Way back in Issue 9 of Beer & Brewer magazine we busted the myth of the beer belly. That’s right, beer alone is not making anyone fat, anymore so that wine would give you a “wine-belly”.

Now, there is even more science to back it up, with a new study suggesting that beer has nutritional and well-being benefits that are similar to those currently being touted for red wine.

The report is called Beer & calories; a scientific
, and was produced for the British Beer and Pub
Association. The aim was to see if beer was more responsible for weight gain than other alcoholic beverages, like wine.

A statement released by the Brewers Association of Australia and New Zealand, confirms that the report does not shy away from the fact that excessive alcohol consumption causes increased mortality and morbidity, but instead argues that current science supports the idea that moderate consumption of beer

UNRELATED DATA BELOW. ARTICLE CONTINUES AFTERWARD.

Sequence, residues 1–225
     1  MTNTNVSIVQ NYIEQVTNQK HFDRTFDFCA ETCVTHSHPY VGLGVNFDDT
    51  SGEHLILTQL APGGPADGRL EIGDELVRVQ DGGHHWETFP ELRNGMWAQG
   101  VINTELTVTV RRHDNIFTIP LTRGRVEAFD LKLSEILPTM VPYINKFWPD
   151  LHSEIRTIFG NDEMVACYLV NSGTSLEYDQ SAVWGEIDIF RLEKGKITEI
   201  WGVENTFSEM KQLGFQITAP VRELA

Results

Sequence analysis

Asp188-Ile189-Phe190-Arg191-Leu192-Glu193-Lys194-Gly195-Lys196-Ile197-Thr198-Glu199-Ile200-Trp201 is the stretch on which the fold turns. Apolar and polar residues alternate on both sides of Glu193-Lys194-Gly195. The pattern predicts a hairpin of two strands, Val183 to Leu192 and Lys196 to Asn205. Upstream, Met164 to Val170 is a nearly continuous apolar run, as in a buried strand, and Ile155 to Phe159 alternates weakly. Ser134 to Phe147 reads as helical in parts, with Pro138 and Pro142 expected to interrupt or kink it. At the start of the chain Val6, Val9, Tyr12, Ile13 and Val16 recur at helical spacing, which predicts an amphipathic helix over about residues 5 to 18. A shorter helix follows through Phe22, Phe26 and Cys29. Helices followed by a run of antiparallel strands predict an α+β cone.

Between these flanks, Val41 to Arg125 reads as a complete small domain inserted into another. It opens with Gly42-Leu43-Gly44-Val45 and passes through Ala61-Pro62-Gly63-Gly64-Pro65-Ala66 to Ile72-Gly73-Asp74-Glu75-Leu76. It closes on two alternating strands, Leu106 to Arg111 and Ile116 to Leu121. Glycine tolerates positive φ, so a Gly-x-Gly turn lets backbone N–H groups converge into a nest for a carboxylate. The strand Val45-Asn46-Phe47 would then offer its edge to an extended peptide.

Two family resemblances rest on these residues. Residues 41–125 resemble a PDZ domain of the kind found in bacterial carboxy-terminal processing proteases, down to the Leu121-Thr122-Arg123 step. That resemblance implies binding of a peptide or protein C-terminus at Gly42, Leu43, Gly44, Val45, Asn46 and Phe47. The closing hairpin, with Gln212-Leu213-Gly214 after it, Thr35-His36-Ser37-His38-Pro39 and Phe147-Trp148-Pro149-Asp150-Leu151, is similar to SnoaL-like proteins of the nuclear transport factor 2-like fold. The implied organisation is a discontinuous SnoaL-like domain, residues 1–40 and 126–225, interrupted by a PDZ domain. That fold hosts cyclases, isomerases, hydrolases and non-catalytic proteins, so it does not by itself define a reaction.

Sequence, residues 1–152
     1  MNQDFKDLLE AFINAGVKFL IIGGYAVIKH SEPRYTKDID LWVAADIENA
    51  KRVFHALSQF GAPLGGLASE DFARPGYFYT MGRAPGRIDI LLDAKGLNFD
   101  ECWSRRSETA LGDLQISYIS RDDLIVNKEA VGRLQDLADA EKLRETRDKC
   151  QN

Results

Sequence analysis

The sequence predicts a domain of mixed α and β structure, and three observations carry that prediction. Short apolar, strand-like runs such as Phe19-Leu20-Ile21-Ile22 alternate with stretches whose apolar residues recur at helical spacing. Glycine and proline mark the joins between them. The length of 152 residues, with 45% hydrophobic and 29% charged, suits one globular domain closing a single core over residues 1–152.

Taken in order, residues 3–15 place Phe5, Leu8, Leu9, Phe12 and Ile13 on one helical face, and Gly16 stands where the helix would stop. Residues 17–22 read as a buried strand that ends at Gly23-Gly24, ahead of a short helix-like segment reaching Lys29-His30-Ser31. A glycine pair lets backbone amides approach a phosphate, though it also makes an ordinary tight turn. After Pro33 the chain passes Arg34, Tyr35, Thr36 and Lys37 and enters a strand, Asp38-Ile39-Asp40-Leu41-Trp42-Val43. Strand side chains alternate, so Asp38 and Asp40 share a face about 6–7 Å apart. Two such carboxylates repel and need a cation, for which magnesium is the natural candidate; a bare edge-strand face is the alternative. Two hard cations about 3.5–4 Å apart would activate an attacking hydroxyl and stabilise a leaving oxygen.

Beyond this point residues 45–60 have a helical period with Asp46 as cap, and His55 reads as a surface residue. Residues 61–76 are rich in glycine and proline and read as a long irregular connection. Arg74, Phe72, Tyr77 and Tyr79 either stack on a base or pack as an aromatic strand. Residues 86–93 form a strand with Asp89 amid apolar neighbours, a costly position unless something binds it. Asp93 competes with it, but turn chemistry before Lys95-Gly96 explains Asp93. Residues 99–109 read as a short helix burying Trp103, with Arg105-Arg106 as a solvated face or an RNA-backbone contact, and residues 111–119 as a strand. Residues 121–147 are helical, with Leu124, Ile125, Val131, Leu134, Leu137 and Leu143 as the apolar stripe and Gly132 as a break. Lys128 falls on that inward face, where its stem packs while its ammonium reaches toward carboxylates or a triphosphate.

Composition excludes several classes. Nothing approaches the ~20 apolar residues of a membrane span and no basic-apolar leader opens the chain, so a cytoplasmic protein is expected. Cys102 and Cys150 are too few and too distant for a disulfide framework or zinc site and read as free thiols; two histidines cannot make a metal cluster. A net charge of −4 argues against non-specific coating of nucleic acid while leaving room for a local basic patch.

can be associated with health benefits.

The key word being moderate.

The trick is apparently to count beer (or any beverage other than water) in one’s daily calorie intake. Which, for those who are interested, is 43
calories per 100mL of 5.0% ABV Lager (compared to 84
calories per 100mL 12.0% ABV white wine). NB: the higher the alcohol content, the higher the calories.

The report also notes that beer contains vitamins, fibre, antioxidants, and minerals such as
silicon which may help to lower the risk of osteoporosis. Hops also have health benefits (but you will potentially receive alcohol poisoning before experiencing any of them).

Unfortunately, the Brewers Association does not recommend rushing out to drink a large quantity of beer (as the harmful side effects would outweigh the good), however, a moderate amount of beer should benefit your lifestyle.

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